Writings on various topics (mostly technical) from Oliver Hookins and Angela Collins. We have lived in Berlin since 2009, have two kids, and have far too little time to really justify having a blog.
No, I'm not dying, but perhaps my treasured notebook computer is. I've been using my trusty Lenovo Z61t for longer than I can accurately remember but I assume it must be about 5 years now. In that time the DVD drive has stopped burning DVDs, the trackpad has completely stopped working, the pointing stick flakes out regularly (prompting me to write a script which restarts the driver when problems arise), the battery has been replaced twice (the last under warranty from the first fortunately), and it has a tendency to overheat and shut down when it is doing too much.
As you can see, it's in a pretty sorry state, but by and large for my purposes (largely web surfing, email and a bit of programming) it does what I want. I don't need 3D acceleration since I play no games (hello, it's Linux) and it is left plugged in most of the time so even if the battery dies completely it wouldn't be a big deal. I'm not exactly in the camp of that generation who complain if products don't last a human lifetime like they did supposedly back in some fictitious golden era, but unless a major component fails (CPU, motherboard, screen) I can't see the point in replacing it. So, I chug along, occasionally frustrating myself to the point of throwing it out the window when it shuts down every 5 minutes while trying to do something as menial as watching a video on Youtube.
Anyhoo, a few days ago as I was eating breakfast while checking my email I noticed a faint ticking noise coming from the hard drive. This may or may not be the norm, but my poor hearing (a result of playing too much loud rock music in earlier years) doesn't usually pick up the finer nuances of the sultry hard drive song. My first system administrator instinct is naturally to check out what the hard drive says is going on with a little utility called smartctl. Here's what I saw:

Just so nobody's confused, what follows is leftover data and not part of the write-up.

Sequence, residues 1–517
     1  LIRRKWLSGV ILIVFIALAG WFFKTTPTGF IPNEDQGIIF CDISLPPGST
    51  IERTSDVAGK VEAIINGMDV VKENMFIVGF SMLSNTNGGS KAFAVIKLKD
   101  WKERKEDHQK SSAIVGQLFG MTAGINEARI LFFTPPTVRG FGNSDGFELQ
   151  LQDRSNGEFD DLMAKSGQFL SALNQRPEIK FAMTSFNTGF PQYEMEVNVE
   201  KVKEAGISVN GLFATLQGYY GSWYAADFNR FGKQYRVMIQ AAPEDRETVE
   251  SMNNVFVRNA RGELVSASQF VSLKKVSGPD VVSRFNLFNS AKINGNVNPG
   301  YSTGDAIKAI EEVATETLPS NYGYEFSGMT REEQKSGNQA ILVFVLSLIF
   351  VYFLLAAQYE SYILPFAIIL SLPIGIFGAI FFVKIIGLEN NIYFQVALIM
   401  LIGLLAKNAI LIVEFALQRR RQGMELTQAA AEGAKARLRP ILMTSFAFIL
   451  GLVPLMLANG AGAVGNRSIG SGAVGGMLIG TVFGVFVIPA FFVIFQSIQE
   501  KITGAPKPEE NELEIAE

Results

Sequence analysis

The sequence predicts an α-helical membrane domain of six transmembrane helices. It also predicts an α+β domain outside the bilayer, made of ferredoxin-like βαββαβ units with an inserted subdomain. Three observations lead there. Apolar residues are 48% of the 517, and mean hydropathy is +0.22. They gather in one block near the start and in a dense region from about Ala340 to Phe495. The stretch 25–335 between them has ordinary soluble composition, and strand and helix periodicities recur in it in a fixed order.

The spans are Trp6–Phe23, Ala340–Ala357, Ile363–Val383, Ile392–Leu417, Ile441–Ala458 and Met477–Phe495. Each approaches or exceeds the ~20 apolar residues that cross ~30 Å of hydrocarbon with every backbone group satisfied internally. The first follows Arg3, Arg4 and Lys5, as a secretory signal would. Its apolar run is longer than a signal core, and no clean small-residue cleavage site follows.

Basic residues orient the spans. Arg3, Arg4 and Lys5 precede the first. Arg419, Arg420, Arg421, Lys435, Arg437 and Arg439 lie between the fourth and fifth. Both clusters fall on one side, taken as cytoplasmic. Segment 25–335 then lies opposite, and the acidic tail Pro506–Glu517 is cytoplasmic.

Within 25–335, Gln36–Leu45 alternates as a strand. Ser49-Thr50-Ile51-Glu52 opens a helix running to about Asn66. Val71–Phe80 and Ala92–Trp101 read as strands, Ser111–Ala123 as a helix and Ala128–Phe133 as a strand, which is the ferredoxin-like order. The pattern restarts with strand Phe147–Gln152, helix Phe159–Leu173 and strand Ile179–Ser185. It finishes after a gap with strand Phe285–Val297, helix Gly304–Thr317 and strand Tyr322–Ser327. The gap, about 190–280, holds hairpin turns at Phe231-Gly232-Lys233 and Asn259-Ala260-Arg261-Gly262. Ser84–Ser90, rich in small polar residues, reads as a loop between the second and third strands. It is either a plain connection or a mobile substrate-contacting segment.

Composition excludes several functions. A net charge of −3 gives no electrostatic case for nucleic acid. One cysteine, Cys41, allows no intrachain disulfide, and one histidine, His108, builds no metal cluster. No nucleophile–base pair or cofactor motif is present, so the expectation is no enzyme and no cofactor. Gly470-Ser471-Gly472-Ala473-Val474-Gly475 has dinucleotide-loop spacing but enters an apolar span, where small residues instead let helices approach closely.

ID# ATTRIBUTE_NAME FLAG VALUE WORST THRESH TYPE UPDATED WHEN_FAILED RAW_VALUE 193 Load_Cycle_Count 0x0012 028 028 000 Old_age Always - 729498
That load cycle count represents how many times the hard drive heads have loaded and unloaded, which typically means they have parked themselves in a safe area (usually for power saving) and then at some later point emerged from their safe haven to frolick once more in the fields of data. Or so I am told.
So, seven-hundred thousand odd load cycles. Let's see what the Internets have to say about this...
Unprecedented load/unload durability at 600,000 cycles
Uh oh. My figure of way over seven-hundred thousand cycles just totally turned their value of six-hundred thousand into ... precedented. I'm now in super-unprecedented territory. I did manage to find a white paper from Hitachi that suggests that they have tested over one million cycles, and what can I say - I want to get there.
Time to take a backup I think.